The Faceless (Death Metal/Deathcore)
Akeldama (2/4)- 2006
A 33 minute album should not wear out its welcome, but that’s exactly what happens on Akeldama. The Faceless have talent, and they aren’t afraid to show it, but they’ve also forgotten to write something resembling a coherent song. The lack of variety doesn’t help either.
Fair to Midland (Alternative Rock)
Fables from a Midfly (3/4)- 2007
It’s hard to tell what’s more surprising: the fact that Fair to Midland broke through with a radio hit in 2007 or that Fables from Midfly turned out to be a great album. Combining aspects of hard rock, alternative, heavy metal, progressive rock, and metalcore, Fair to Midland can best be described as a calmer and more accessible System of a Down. Fans of System of a Down would do well to pick this one up, and anyone who enjoyed the surprise radio hit “Dance of the Manatee” would also most likely enjoy Fables from a Midfly, as the full album takes everything that works from that song and creates a unique sound that remains unpredictable throughout. Even for more open-minded progressive fans, this may be worth considering. Not everything they try works, but there’s no doubt that Fair to Midland has created a unique album, as well as musical weirdness that is oddly accessible.
Finger Eleven (Alternative/Pop Rock)
Them vs. You vs. Me (2/4)- 2007
Them vs. You vs. Me is a consistently catchy album, but that’s really about all that can be said for it. There’s very little musical substance, so once the fun wears off, you’re left with nothing more than a derivative pop rock album.
Firewind (Power Metal)
Burning Earth (3/4)- 2003
While generally unspectacular, Firewind’s Burning Earth earns a recommendation solely on Gus G.’s excellent guitar work. Fans of power metal and neo-classical shredding should give it a listen.
Five Finger Death Punch (Metalcore)
The Way of the Fist (1.5/4)- 2007
It’s one thing to be pretentious. It’s another entirely to be pretentious and have no musical skill to back it up. The Way of the Fist is a laughably generic metalcore album that takes itself far too seriously, and puts an emphasis on trying to sound tough. Unfortunately, breakdowns and overused stock riffs don’t help their cause, and neither make for compelling music.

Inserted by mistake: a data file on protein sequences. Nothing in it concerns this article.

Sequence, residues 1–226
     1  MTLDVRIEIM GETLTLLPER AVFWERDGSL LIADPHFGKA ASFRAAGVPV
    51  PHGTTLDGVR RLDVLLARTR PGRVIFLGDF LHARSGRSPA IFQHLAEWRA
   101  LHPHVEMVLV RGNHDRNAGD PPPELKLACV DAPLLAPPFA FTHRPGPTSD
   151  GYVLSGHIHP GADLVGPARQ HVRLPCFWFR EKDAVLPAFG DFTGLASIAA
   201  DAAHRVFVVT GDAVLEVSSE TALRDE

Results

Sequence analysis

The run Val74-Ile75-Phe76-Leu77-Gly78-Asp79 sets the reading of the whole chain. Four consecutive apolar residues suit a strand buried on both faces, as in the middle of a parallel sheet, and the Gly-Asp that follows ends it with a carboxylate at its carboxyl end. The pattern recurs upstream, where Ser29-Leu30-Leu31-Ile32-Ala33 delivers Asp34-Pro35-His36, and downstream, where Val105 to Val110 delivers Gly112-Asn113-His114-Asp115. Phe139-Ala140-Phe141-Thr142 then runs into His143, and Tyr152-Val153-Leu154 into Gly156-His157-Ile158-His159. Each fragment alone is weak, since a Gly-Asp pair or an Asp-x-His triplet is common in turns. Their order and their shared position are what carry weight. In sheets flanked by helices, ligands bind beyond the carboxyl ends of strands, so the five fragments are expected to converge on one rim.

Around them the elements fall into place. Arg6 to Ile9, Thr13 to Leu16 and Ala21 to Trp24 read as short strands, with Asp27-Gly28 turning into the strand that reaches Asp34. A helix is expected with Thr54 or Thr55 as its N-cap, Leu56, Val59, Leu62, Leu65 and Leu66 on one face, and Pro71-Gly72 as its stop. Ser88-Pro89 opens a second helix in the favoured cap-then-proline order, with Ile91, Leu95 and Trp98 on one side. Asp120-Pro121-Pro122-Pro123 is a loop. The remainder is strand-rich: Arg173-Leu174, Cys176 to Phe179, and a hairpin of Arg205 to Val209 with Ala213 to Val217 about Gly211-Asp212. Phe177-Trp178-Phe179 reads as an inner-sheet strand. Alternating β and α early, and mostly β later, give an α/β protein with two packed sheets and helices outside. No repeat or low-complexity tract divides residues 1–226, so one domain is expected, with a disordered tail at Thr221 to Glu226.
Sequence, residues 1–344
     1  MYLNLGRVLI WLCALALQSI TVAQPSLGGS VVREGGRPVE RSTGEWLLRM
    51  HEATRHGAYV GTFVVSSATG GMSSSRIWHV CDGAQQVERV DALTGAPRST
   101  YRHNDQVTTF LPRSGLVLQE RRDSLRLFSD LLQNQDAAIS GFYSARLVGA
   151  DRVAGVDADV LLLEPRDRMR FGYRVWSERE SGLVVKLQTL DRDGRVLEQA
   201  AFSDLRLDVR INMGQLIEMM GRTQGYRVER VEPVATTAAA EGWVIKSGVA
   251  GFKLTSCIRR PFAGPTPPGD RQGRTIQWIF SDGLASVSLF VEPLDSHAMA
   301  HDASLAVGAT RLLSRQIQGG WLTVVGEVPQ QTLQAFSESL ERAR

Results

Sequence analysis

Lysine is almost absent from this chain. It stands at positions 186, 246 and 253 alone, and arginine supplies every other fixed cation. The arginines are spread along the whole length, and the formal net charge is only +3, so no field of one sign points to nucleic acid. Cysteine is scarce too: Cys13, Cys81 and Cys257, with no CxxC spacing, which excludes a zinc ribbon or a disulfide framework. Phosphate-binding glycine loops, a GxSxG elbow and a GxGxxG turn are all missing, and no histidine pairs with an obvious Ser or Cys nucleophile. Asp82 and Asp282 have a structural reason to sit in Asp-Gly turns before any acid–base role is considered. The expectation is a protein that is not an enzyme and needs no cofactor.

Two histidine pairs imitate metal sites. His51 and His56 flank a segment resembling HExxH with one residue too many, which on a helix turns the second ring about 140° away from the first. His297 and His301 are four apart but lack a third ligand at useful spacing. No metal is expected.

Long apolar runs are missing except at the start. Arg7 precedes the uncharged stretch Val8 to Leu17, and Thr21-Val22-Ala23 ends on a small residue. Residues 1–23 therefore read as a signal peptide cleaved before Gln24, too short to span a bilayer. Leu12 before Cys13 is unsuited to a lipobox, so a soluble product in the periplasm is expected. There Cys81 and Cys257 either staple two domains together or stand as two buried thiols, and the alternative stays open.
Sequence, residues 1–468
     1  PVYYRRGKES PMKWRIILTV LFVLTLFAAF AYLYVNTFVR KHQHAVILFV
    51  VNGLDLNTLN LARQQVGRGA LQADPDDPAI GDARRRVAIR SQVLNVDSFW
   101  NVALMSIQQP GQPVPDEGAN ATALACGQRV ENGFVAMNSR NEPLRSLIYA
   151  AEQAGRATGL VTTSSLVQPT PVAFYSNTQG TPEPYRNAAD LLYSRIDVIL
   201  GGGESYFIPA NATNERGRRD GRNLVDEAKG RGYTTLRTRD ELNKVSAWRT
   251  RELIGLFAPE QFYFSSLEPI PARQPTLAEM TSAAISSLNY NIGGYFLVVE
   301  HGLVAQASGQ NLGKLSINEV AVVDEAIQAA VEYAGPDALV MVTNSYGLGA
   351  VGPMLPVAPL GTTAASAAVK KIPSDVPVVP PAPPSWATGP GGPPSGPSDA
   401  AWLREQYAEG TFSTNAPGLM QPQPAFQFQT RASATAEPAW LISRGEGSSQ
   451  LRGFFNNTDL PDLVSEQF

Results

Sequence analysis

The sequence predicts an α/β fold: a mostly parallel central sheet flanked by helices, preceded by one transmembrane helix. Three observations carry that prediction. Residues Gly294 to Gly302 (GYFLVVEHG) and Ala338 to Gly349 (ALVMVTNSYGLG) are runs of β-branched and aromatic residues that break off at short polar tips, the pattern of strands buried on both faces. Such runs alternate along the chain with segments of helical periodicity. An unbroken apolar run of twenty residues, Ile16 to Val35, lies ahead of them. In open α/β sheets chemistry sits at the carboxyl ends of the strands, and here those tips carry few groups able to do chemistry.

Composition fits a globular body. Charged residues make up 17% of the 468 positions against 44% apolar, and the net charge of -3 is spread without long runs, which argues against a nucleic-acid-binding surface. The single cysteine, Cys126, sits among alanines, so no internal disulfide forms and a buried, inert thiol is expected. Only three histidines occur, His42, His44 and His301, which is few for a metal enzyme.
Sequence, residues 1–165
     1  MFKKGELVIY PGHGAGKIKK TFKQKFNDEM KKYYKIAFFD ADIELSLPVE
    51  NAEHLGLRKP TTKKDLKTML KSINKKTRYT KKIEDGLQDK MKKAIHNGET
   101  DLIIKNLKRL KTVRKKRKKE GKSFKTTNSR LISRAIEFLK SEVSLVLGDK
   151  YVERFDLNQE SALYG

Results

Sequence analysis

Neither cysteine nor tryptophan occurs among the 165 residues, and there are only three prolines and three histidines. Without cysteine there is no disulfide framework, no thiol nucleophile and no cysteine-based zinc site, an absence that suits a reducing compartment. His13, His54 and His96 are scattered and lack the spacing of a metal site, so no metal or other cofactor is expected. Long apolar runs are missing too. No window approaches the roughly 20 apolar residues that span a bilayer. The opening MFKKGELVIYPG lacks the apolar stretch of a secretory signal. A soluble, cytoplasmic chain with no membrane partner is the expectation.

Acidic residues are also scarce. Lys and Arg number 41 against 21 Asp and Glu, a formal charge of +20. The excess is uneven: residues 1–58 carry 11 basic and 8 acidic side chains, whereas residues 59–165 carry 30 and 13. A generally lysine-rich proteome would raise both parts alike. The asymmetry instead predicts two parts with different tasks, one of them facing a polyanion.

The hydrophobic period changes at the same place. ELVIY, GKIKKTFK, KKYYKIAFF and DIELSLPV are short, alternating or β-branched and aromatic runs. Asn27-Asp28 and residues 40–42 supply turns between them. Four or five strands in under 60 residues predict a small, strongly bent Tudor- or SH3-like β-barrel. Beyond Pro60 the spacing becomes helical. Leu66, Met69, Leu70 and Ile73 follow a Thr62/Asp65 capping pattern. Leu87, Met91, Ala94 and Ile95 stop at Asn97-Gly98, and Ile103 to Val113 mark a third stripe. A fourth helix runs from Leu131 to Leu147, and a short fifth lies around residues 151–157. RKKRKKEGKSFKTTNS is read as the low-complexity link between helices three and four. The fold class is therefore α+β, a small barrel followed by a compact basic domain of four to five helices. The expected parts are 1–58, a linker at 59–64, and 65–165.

The Flaming Lips (Alternative/Psychedelic Rock)
Yoshimi Battles the Pink Robots (4/4)- 2002
Beautiful in its simplicity and innocence, Yoshimi Battles the Pink Robots is one of the most incredible albums I’ve ever had the pleasure of hearing. It works as a concept album that tells a beautiful store of hope and determination, as well as simply a collection of fascinating psychedelic indie pop tunes, and it’s full of amazing moments that will make tug at even the most apprehensive listener. Even though it’s been just eight years since it’s release, I have no problem calling Yoshimi Battles the Pink Robots a classic and an outstanding music triumph.
Fleet Foxes (Indie Rock/Folk)
Fleet Foxes (3.5/4)- 2008
There has been a lot of hype surrounding Fleet Foxes' debut album. Thankfully, the album has lived up to that hype, and in some ways even surpassed it. Not only is this the best debut album released so far in 2008, but it's also one of the best indie rock albums of the year. Influenced by everything from Iron & Wine to Crosby, Stills, Nash, & Young to Led Zeppelin, Fleet Foxes' beautiful brand of indie folk sounds incredibly polished for a debut album. There's a large amount of variety between the tracks, and some truly beautiful moments that rank among the best of the year thus far. Fleet Foxes is both accessible and beautiful, and it's one of the most enjoyable releases of 2008. Not all of it is perfect, but even the low points of the album would be highlights in the average indie rock band's discography. Fleet Foxes' debut is a special album, and it's scary to think that this is the only the start of the band's career.
Flight of the Conchords (Comedy/Folk Rock)
Flight of the Conchords (2.5/4)- 2008
Saying that Flight of the Conchords' full length debut is funny is like stating that the sun is bright and Antarctica is cold. It may be an opinion, but one that any rational human being would have a hard time disputing. It goes without saying then, that Flight of the Conchords is one hilarious album. However, this is isn't the definitive way to experience the hysteria that is Flight of the Conchords. At times the album versions of these songs feel overproduced, and those who are used to group's always hilarious improvisational lines will be surprised to find that many of the lines they chose as studio replacements in the songs are lacking in comparision. It's not that new versions of these songs are bad, it's just that none of the songs are really very new at all, and the bits that have been altered are almost always for the worse. Obviously, some glaring omissions have been made to the track list, including the masterful "If You're Into It," but it's hard to argue with what is found on the album. Every track is funny in its own right, as Flight of the Conchords is great when looked at as purely an album on its own. Still, fans of the band have heard these songs and heard better versions of them, and newcomers to the band would be better suited watching their TV series or seeing them live to get a taste of the band at their absolute best.